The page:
Scores of academy chains are being forced to take drastic measures to save money as budgets are squeezed, TES research reveals.
More than half of the 113 multi-academy trusts (MATs) that responded to Freedom of Information requests said that they were having to cut school staff, to reduce their schools’ curriculum or to make back-office savings as they struggled to make ends meet.
The findings reflect the wider education landscape, where heads are having to make increasingly tough decisions to cope with rising costs and real-terms funding cuts.
Jobs under threat
Of the 113 MATs that responded – with responsibility for some 800 schools – 46 said that they would be forced to make cuts to staff and/or the curriculum.
More than a quarter (29) said that they would have to cut teachers, 41 said they would shed support staff and 19 said that they would make cuts to the curriculum.
A senior leader from a prominent academy chain, who asked not to be named, questioned whether central government was facing the same budgetary constraints that it expected schools to deal with.
“There are no two ways about it, times are tough for all of us and we’re having to make adjustments to ride out the storm,” he said. “One has to ask if the Education Funding Agency and the Department for Education are under the same cost pressures.”
The research also reveals that 31 academy chains expect to have at least one of their schools in deficit by 2016-17. Two of the MATs said that they would each have nine schools running a deficit by this time.
In the November spending review, chancellor George Osborne announced that there would be cuts to the education services grant (ESG), which is handed directly to academies to cover the cost of services that would otherwise be provided by local authorities. The £1.02 billion ESG budget fell by £200 million in 2015, and Mr Osborne spelled out plans to slash the pot by a further £600 million by 2020.
The cut in funding, on top of rising pension and national insurance contributions, as well as a freeze in per-pupil spending, means that all schools are contending with a dramatic squeeze to their budgets.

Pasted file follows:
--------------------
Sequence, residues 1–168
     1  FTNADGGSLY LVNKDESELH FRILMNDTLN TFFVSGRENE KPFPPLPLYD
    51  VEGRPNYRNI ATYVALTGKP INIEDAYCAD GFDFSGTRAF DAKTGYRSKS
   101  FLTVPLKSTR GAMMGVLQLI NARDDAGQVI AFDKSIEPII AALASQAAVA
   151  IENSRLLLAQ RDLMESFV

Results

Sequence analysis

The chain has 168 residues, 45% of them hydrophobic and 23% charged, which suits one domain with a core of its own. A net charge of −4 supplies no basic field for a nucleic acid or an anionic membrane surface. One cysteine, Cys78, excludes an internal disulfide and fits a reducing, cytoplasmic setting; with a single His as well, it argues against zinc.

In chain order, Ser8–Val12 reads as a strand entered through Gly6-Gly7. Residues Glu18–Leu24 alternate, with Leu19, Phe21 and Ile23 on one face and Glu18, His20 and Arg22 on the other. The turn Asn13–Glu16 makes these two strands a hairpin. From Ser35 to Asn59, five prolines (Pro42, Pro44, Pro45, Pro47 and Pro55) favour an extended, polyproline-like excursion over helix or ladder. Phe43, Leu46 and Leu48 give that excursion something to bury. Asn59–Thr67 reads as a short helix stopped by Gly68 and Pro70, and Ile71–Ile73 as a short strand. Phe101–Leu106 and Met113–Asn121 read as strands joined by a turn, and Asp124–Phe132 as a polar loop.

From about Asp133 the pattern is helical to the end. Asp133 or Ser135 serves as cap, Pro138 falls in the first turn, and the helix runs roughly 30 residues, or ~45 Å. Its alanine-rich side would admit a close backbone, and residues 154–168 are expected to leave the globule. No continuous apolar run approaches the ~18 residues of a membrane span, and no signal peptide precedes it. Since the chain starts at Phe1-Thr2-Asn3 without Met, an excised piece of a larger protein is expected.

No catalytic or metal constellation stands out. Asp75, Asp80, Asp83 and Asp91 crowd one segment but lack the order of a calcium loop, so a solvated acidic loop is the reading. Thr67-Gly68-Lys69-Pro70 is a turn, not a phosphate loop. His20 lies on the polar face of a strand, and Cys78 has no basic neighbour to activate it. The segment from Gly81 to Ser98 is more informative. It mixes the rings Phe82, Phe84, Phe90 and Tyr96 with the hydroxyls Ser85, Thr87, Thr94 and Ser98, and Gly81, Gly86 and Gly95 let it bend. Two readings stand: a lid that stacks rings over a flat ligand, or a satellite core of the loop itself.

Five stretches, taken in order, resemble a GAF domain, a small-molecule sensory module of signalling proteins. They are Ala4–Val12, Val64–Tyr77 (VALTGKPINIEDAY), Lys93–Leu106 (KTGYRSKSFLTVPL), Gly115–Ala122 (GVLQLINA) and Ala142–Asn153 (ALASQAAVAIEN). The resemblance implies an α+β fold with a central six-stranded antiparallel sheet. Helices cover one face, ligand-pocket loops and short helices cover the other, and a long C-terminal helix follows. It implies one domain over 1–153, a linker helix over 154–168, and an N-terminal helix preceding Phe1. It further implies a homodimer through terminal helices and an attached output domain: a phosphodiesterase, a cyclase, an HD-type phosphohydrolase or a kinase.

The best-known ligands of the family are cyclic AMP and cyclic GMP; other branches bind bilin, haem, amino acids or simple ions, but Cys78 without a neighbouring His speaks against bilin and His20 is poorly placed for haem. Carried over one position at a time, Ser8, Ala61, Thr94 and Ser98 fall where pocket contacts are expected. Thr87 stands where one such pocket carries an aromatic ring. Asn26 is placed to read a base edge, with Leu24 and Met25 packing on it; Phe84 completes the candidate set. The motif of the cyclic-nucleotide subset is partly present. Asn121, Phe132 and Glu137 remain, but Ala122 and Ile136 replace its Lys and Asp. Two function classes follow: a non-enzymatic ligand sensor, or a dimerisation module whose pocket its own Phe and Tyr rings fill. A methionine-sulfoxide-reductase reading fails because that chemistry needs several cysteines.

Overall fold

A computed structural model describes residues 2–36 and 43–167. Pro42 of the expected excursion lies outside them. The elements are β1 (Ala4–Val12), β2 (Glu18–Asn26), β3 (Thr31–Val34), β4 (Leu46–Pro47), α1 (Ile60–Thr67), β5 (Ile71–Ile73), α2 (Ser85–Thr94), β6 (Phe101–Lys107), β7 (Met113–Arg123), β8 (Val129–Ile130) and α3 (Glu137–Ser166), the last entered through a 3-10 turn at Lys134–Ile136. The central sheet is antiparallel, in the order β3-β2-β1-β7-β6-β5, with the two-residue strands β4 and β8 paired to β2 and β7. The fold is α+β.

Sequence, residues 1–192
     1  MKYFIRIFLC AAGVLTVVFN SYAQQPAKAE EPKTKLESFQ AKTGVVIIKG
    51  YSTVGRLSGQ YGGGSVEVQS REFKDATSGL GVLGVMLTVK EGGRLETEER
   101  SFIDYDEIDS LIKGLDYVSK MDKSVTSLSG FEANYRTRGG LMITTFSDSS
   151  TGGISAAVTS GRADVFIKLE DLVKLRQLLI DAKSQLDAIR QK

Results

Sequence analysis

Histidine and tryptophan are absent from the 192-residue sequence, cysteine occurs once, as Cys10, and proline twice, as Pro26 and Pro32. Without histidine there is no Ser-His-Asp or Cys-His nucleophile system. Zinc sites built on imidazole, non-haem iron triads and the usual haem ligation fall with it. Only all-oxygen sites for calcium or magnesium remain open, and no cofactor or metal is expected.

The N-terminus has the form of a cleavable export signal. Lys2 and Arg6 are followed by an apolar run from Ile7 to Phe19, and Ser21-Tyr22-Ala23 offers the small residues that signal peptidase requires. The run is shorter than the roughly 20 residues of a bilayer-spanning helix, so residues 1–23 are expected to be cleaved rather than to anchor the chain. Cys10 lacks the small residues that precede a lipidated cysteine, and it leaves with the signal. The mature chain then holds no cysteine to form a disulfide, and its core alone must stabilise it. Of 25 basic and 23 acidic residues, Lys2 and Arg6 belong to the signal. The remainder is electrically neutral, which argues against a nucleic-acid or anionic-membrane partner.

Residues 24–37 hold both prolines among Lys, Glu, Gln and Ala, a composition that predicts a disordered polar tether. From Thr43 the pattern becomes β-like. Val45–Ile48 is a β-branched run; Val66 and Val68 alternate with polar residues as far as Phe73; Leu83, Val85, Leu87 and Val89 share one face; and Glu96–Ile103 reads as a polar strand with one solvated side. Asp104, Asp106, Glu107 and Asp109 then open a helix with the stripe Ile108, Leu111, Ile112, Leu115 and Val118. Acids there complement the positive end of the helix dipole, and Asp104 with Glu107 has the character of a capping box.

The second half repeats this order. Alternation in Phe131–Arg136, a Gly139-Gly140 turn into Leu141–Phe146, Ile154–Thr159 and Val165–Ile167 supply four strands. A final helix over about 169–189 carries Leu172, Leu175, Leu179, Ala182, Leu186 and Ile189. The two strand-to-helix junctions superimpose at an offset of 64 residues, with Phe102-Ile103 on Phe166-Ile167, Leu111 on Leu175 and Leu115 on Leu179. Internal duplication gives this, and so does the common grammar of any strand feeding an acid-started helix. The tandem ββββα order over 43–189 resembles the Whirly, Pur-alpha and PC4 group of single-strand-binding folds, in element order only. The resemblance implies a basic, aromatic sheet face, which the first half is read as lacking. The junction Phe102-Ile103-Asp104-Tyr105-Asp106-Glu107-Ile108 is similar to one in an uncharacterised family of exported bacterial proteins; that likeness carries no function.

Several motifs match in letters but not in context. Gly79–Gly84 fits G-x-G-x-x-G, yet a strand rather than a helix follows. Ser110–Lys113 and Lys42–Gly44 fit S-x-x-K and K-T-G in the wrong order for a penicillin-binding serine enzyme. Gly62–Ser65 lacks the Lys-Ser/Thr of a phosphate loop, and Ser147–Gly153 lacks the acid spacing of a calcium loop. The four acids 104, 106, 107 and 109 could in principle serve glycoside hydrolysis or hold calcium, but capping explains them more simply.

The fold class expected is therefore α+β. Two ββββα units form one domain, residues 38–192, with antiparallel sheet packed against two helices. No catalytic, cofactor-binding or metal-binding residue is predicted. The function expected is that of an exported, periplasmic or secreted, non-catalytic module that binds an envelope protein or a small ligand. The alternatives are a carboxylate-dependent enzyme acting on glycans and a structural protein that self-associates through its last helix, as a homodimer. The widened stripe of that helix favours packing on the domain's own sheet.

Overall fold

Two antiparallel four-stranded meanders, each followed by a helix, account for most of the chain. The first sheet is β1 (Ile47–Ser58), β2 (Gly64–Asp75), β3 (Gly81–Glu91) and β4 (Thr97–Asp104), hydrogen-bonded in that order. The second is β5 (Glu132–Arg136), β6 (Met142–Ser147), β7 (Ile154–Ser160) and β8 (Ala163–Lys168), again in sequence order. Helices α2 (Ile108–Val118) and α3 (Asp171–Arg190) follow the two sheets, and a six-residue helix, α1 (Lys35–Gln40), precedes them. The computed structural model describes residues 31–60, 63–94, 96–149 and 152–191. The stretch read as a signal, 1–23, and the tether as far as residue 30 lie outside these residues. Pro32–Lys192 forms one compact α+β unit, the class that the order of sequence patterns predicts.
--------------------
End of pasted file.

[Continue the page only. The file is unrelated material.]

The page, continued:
According to headteachers’ leaders and the respected thinktank the Institute for Fiscal Studies, schools will be working with cuts of 5 per cent or more.
Malcolm Trobe, interim general secretary of the Association of School and College Leaders, said that, faced with such reductions, many academy chains would be forced into making “very difficult decisions” when it came to staffing and curriculum.
“This is the first year when all the big hits come in, impacting school budgets, so they will have to be extremely careful about how they use their resources,” he said. “Our own surveys show that schools are having to cut some staff – either support staff or teachers. But if they are cutting teachers, that has a knock-on effect on what curriculum you can offer.
“Teacher numbers and the curriculum are linked. It has a big impact on minority subjects, especially at GCSE and A-level.”
Teachers’ workload would also be affected, Mr Trobe added: “The bigger the classes, the more marking they will have to do.”
A Department for Education spokesperson said that the “core schools budget” had been protected and many academies were “drawing on excellent practice in other schools to deliver value for money”.
What the chains said
“The academies will be expected to make reductions across a range of areas including all of those listed to operate within funding constraints.”
“We are reviewing all aspects of our finances to avoid the anticipated problems over the next three to five years, including looking at staffing levels and back-office savings.”
“All [of our academies] are under pressure and all use different strategies to focus spending on development areas while cutting back elsewhere. The local government pension scheme is a major burden.”
“We currently have two academies that are running staff restructure initiatives, although many of our other academies have growing pupil numbers and are therefore recruiting. As a trust initiative, we are reviewing admin and finance structures to improve efficiency.”